# Introducing Variables and Expressions

## How to introduce variable expressions to algebra students

Are you ready to introduce variables to your class? Thinking about diving right into the textbook and starting students with the printed problems on the page? They are just letters and symbols that represent unknowns so this should be no problem, right?! For some students, yes, that is probably enough of an explanation to get them started. But, if you want your students to start making sense of what it means to combine variables and create expressions to represent real-world situations, you might want to give them some different opportunities to engage with what it means to move from expressions with integers to expressions with variables.

A simple way to start is to use real-world problems with some physical representations they can use to manipulate to combine variables and create expressions. One strategy I have had success with while working with the students in my classroom is using picture tiles.

I always start small and build up the concepts so that students can take small steps toward the end goal. I typically start with word problems with one variable. Then, I build on a number term. Next, I would throw two separate variables into an expression. Finally, I would end with two variables and a number term. Here is an example of a sequence introducing terms, variables, coefficients and expressions.

## One Variable Expressions

Given the problem “Janice bought two chocolate cupcakes. Show me what Janice has with picture tiles.” Your students would get two cupcake tiles. These pictures could be represented with the expression . Talk to your students about what this expression represents. We are talking about a purchase so 2C probably represents what Janice paid for two cupcakes. Introduce formal vocabulary here. The variable is , the coefficient of the variable is , and a term. Have your student complete a few more expressions with only one variable. Talk about what each expression represents. They will begin to see the connection between the coefficient of the variable and the variable itself. As they complete a few more examples, have your students identify the variable, coefficient, and the term. This will help them to pair visuals with the definitions.

## One Variable Expressions with a Number Term

Next, introduce a number term with a variable. You can start with the same problem starter used to introduce a one variable expression and add a dollar value. Given the problem “Janice bought two chocolate cupcakes and still had . Show me what Janice has with picture tiles.” Your students would get two cupcake tiles and 3 dollar tiles. These pictures could be represented with the expression . Again, discuss what the expression represents. Let them know that both and are expressions. Expressions can have one term, like . Expressions can have more than one term like . Have your students complete a few more examples of one variable expressions with a number term. Then, start the discussion about why the number of cupcakes and the dollars are kept separate in the expression. Each term is representing a different item. We don’t know the cost of a cupcake, so we represent that cost with . What would happen if we had an additional item with an unknown value?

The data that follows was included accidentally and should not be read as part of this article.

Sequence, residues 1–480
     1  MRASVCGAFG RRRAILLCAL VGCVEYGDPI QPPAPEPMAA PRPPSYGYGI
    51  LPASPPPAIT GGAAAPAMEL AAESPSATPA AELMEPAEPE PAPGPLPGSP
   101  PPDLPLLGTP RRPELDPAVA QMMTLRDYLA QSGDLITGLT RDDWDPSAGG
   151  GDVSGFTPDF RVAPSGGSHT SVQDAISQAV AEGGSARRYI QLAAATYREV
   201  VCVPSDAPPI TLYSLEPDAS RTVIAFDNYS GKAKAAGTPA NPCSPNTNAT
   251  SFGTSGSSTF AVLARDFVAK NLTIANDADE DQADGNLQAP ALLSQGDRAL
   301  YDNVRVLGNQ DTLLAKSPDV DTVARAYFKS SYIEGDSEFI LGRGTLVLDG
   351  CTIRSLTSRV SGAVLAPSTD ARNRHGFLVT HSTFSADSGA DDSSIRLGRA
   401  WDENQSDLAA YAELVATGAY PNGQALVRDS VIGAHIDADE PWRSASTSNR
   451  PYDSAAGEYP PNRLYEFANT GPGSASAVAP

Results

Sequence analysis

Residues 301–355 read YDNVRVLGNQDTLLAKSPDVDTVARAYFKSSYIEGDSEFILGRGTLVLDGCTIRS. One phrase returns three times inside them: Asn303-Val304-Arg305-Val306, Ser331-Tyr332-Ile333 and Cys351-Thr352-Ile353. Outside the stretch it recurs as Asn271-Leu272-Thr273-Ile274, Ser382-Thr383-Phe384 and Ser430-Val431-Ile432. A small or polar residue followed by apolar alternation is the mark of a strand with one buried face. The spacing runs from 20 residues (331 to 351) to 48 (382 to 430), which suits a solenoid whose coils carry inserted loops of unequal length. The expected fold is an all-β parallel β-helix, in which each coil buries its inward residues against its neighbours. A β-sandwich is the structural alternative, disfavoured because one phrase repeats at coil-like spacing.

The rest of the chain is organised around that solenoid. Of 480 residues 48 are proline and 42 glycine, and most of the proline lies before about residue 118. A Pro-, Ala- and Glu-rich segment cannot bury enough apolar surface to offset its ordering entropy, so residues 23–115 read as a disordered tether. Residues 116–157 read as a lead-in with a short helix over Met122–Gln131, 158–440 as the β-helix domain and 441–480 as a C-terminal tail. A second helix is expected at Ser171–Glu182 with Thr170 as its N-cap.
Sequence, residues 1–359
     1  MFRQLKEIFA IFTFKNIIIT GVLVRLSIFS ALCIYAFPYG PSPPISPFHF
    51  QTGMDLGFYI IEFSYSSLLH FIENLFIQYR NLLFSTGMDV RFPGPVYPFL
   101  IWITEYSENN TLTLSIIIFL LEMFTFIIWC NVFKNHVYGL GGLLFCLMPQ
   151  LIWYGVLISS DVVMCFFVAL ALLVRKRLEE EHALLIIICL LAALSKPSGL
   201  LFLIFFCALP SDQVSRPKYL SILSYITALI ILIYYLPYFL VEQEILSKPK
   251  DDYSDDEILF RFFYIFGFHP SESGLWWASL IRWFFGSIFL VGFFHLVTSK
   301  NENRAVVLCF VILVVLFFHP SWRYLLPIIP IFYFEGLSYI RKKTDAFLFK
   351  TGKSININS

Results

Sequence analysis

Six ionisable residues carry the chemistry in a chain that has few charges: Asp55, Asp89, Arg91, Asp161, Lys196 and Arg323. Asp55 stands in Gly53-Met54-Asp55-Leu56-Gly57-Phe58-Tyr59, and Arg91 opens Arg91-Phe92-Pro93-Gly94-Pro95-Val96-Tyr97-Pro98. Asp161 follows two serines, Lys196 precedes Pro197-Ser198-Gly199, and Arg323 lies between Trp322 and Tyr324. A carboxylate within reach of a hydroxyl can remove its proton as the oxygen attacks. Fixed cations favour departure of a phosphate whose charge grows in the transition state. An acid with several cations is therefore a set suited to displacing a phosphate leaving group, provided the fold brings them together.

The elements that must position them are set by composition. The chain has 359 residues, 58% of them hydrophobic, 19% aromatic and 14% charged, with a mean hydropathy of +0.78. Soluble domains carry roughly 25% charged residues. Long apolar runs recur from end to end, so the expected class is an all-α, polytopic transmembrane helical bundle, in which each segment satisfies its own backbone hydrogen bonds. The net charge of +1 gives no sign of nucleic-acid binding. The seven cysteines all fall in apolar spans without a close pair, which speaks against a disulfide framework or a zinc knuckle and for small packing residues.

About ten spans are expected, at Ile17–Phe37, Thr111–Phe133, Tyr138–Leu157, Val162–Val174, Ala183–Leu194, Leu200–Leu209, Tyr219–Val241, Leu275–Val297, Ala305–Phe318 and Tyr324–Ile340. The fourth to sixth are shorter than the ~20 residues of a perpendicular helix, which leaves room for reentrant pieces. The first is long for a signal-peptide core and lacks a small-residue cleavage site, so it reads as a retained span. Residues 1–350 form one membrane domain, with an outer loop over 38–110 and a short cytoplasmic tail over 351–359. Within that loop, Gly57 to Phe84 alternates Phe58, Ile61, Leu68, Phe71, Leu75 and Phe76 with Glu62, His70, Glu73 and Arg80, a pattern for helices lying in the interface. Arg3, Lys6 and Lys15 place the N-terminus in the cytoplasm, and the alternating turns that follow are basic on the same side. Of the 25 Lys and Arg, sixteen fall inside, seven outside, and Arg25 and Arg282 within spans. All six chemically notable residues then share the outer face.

## Two Variable Expressions

At this point you can introduce an additional unknown so that students can see how that changes the look of an expression. Given the problem “Janice bought four salads and two cupcakes. Show me what Janice has with picture tiles.” Your students would get four salad tiles and two cupcake tiles. These pictures could be represented with the expression . Now we can discuss why it is important to use a different variable to represent each different type of item in the expression. The different variables represent different unknown values. Since buying a salad is different than buying a cupcake and using different variables is how we distinguish that difference without words.

## Two Variable Expressions with a Number Term

Now you can introduce an additional unknown so that students can see how that changes the look of an expression. Given the problem “Janice bought four salads and two cupcakes. She still had $3. Show me what Janice has with picture tiles.” Your students would get four salad tiles, two cupcake tiles, and three dollar tiles. These pictures could be represented with the expression . At this point, you can extend the problem. How would the expression change if she had purchased seven salads instead of four? How would the expression change if she still had $12?

## Final thoughts on introducing variable expressions

By introducing the definitions of terms, variables, coefficients, and expressions with a visual representation we can deepen student understanding. Picture tiles are low-prep, easy-to-use visuals that help students to engage with a new concept. Here is a free printable to help get you started with introducing variables and expressions.

If you’d like step-by-step guided notes on this topic, please check out our Algebra 1 Introduction to Variables, Terms, and Expressions Product.

## Write a Reply or Comment